This aspect is regulated by section 6 of the Act, which provides for the declaration by a spouse of the net commencement value of his or her estate in the ante-nuptial contract or by way of a notarised statement within six months after the date of the marriage. In terms of section 6(4)(b) of the Act the commencement value of a spouse’s estate is deemed to be nil if the liabilities of that spouse exceed his or her assets at the commencement of the marriage or if no commencement value was declared in the ante-nuptial contract or a notarised statement. The commencement value of the estate of a spouse, except where it is deemed to be nil according to section 6(4)(b), must be adjusted to make allowance for the effect of inflation affecting the monetary value of the spouses’ respective estates between the commencement of the marriage and the termination thereof. For this purpose the weighted average of the Consumer Price Index (CPI) that is published from time to time by Stats SA in the Government Gazette is used as prima facie proof of the fluctuation in the value of money .

[Page 12–5]

 

 

Example

1.

H and W married in December 1985 subject to the accrual system. According to their ante-nuptial contract, the net estate of H was R20 000,00 and that of W was R10 000. The CPI of December 1985 was 20,8. H died in May 2006 and the CPI for that month was 132,6. The respective commencement values of the spouses’ estates at the time of H’s death are adapted in terms of section 4(i)(iii) of the Act according to the following formula:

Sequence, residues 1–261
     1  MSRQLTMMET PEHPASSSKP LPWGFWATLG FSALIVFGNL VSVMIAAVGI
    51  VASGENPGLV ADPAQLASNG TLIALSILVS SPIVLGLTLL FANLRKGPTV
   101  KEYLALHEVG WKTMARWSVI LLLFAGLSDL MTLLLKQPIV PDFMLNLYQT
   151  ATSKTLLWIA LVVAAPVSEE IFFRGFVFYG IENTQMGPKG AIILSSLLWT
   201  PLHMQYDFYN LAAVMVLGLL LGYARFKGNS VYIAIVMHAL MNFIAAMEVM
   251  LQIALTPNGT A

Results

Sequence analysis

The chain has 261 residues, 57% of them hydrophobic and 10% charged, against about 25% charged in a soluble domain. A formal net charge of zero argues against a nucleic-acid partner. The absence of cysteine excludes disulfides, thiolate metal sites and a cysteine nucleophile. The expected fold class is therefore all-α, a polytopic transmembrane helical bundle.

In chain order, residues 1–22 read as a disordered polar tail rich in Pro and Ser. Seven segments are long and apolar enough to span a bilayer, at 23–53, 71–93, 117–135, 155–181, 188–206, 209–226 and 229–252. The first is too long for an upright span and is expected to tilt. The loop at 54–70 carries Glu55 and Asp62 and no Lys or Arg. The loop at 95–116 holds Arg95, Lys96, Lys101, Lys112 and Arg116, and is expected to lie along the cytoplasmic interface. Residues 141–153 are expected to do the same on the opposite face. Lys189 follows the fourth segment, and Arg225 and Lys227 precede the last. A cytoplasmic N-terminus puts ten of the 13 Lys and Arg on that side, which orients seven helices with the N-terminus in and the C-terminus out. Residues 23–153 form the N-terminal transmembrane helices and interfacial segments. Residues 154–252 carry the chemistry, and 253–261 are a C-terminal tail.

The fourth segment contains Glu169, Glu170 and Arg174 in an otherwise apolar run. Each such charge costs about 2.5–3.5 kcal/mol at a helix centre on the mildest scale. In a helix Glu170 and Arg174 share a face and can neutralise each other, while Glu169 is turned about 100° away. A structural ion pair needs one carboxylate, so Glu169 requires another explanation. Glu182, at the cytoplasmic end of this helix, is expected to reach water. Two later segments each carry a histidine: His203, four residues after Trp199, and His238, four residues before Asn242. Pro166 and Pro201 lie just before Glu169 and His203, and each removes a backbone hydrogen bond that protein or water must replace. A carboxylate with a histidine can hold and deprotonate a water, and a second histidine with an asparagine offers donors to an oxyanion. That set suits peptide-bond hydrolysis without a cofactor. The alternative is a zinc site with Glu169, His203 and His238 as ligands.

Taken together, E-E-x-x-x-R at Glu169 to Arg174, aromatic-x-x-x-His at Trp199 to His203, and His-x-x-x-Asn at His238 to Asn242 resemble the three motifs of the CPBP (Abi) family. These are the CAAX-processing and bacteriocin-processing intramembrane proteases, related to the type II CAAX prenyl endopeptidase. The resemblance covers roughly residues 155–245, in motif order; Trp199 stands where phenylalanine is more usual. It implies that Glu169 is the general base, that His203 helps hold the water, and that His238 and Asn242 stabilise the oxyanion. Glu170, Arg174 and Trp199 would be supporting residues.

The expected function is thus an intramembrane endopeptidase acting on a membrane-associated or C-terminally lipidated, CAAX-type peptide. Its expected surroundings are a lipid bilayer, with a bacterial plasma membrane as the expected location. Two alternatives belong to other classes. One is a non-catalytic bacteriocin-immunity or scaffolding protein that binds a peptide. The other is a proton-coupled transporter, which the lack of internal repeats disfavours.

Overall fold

H:

(132,6 ÷ 20,8) × R20 000,00 = R127 500,00

W

(132,6 ÷ 20,8) × R10 000,00 = R63 750,00

2.

At the death of H in 2006, his net estate amounts to R5 000 000,00

3.

At the death of H, the net estate of W amounts to R1 000 000,00 and she will accordingly have an accrual claim against H’s deceased estate, which is calculated as follows:

Deceased estate:

 

Net value at date of death

R5 000 000,00

Less: CPI-adjusted commencement value

R127 500,00

Accrual therefore amounts to

R4 872 500,00

W’s estate:

 

Net value at date of death

R1 000 000,00

Less: CPI-adjusted commencement value

R63 750,00

Accrual therefore amounts to

R936 250,00

Because the accrual of W’s estate is smaller than that of H’s estate, W will have a claim against the deceased estate for half of the difference between the respective accruals:

Accrual deceased estate H

R4 872 500,00

Accrual W

R936 250,00

Difference

R3 936 250,00

Half of the difference, constituting W’s claim against the estate:

R1 968 125,00

 

 

12.2

Some aspects to bear in mind

1.